Monday, September 24, 2012

While Rachel's at school

Rachel's been in school for about a month now and for some reason I have a hard time leaving the house without her. It's like I feel the need to sit around and wait for her to come home, which is ridiculous since she's gone for eight hours. That's plenty of time for Miriam and Benjamin and I to get out of the house and go on some adventures so today we did just that.

One, two! Wake up the crew!

First we had to get everybody up and ready for the day. Daddy got up first and he woke up Rachel and got her moving. He only woke me up before he left so that I could take Rachel to the bus stop (it was a long night and our longstanding agreement is that since I get up with the kids at night he can get up with them in the morning).

Three, four! Get 'em out the door!

It's kind of cold now that it's fall, but only cold enough for dew—not frost—and it warms up in the afternoon. Still, it's cold while we're waiting for the bus so we all put on sweaters, except for Benjamin. I just slapped a cap on his head and picked him up from bed, blanket and all.



Five, six! Pick up sticks!


Seven, eight! Lay them straight!


Miriam's game of choice today was Pick Up Sticks—technically, Pick Up Snakes. We played by her rules, which are nothing like the rules I played by when I was growing up. Also, they are nothing like the actual rules. But it was still fun and it only took a few minutes of playing with her to make her content for quite a while. And then I was free to pick up my own sticks, so to speak.

Note that basket of folded laundry in the background. We did that. And much more: naps, showers, lunch, unpacking, bedmaking, etc.

Nine, ten! To the park and back again!

We walked the long way to the park because sidewalks are an endangered species in these parts and I didn't want to push the stroller through the grass. We took the stroller because I didn't want to carry both Miriam and Benjamin. I knew Miriam would want to be carried because she insisted on wearing her winter boots that are still too big for her (technically they're not hers yet; they are merely Rachel's old ones so she thinks they should be hers now even though she could safely wait another year before wearing them). She thinks it's important to be perpetually prepared for an arctic apocalypse.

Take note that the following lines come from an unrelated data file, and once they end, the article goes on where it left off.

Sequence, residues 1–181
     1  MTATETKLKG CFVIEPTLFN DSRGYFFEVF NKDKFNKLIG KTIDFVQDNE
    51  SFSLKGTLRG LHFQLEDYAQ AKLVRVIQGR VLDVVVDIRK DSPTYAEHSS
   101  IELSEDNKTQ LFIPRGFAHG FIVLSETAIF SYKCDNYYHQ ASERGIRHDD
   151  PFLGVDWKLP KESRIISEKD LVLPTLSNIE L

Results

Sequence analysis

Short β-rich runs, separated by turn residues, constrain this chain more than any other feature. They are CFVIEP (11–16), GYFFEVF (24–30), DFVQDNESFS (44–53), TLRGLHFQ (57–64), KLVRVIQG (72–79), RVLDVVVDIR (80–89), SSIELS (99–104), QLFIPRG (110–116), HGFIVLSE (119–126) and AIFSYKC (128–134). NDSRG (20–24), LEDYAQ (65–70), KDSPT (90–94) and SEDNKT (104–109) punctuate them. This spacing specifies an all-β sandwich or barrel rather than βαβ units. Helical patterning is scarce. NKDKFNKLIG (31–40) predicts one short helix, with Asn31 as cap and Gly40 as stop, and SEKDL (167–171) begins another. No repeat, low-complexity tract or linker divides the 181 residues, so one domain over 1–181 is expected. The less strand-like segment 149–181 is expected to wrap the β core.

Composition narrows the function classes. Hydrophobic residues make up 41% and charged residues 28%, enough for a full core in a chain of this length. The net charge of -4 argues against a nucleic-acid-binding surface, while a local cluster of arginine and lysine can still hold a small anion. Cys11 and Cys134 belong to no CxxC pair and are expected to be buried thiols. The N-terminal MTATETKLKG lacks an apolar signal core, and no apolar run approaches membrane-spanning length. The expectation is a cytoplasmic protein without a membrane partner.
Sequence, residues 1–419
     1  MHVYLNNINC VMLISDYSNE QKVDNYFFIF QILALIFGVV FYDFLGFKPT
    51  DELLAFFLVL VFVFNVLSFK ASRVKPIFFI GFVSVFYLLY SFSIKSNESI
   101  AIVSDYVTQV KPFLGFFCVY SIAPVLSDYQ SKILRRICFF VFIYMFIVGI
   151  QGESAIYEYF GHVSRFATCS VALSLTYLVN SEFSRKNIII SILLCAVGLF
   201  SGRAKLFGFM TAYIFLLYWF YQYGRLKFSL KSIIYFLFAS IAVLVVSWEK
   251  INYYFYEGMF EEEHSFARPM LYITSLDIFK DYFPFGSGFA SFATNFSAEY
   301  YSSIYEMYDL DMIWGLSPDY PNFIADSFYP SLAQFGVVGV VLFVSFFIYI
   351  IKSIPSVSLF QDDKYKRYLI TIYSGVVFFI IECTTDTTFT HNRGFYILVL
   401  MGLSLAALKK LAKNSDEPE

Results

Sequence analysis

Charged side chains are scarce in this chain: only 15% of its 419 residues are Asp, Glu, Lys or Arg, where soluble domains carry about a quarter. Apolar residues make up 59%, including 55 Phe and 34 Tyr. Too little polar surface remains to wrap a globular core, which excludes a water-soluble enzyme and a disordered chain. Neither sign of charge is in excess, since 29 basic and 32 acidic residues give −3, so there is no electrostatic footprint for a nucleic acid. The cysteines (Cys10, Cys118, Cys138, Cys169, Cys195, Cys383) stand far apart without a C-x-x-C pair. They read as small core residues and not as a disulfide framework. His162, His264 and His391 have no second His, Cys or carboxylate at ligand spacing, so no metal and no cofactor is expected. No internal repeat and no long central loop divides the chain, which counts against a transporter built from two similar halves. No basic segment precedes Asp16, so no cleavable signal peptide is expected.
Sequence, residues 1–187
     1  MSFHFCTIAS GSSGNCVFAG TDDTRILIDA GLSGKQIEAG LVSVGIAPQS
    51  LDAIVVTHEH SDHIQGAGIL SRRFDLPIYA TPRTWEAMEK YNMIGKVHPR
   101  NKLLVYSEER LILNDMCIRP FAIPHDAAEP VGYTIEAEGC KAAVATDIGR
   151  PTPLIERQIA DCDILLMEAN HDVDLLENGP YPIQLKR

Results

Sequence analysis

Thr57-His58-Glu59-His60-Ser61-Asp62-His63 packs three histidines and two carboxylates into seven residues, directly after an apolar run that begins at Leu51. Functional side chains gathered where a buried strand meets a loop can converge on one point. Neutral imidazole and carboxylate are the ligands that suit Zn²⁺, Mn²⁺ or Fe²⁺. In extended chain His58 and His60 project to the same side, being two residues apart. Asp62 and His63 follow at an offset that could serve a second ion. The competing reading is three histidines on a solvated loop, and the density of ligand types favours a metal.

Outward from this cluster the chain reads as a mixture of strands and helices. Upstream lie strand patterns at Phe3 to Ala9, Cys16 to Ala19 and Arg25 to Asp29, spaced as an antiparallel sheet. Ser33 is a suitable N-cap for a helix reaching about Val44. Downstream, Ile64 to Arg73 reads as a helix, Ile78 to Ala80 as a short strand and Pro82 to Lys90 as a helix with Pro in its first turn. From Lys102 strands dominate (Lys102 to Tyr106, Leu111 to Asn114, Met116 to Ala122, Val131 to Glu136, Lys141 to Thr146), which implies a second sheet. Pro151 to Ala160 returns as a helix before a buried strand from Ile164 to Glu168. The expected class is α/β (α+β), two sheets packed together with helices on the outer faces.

It took me about as long to walk to the park the long way, pushing the stroller, as it does to walk the short way through the grass, needling my children to keep walking. Roads, though, aren't level. My arms were reminded of that today as I battled to keep the stroller on track. Apparently newer developments are required to put sidewalks in, but only to the border of their property so the sidewalks here are rather sketchy. They all come to abrupt stops at bushes or ditches or fences that mark the property line and then there is no sidewalk after that. 

Somehow walking on a two-lane street with a 45 MPH speed limit and no shoulder doesn't seem like a safe thing to do, so we have to walk in what is essentially a drainage ditch. 

I have friends who have suggested that sidewalks be pay-per-use, private enterprise. I say no. I think that if vehicular traffic gets their roadways funded by tax money then pedestrian traffic should, too. Of course, my friends who want toll sidewalks also think we should privatize roads. But think about it—how much safer would our families be with sidewalks to run around on? And...and Rachel could potentially ride her bike to school (it's not so far...it's just on an incredibly busy road without a sidewalk). In theory, more people would walk/bike places if there were good sidewalks in place and that would help the environment and limit the number of pedestrians killed by cars annually. So, there you have it: I'm in favour of sidewalks.

Still, it was a nice walk. Our neighbourhood has a lot of speed bumps and very little traffic so I felt safe enough—it was just a major workout trying to keep that stroller from running into the curb.

We enjoyed our time at the park. Miriam got into the swing and spent about 95% of her time just swinging. This shouldn't surprise anyone.


It's been awhile since we'd last been to the park to swing our guts out. Miriam was giggling and squealing with delight. 


Benjamin took his first swing at the park today, with a little bit of help from his big sister. Don't be fooled—he's not sleeping; he just doesn't like the sun so his eyes are clamped shut in protest.


Neither of them hated it, but neither of them loved it either.


Miriam enjoyed holding Benjamin but she didn't like that I wouldn't push them high enough to satisfy her desire to sprout wings and fly.


Benjamin was pretty calm about the whole situation but looked like he was probably chanting internally, "Find a happy place! Find a happy place!" the whole time.


So I took him out, plopped him in the sling, and pushed Miriam as high as the swing would go.


She loved it, of course.


When it was just about time to go she asked to get out so that she could slide a couple of times—getting to certain slides meant crossing horrible, wobbly bridges (a hand-over-hand affair).


I will never understand how she can be comfortable enough to fly through the air at who knows how many miles per hour without holding onto anything...but is absolutely terrified of crossing relatively motionless bridges and inches her way across, clinging to the side at all times.

Benjamin fell asleep while Miriam was playing—he likes to fall asleep stroking his own cheek (a habit he's had since birth). 



When my alarm went off I told Miriam that it was time to go—I was going to pack Benjamin up in the stroller and she should slide down one last slide and come join us. She had herself buckled up in her seat by the time I had Benjamin secured. I love it when my children obey.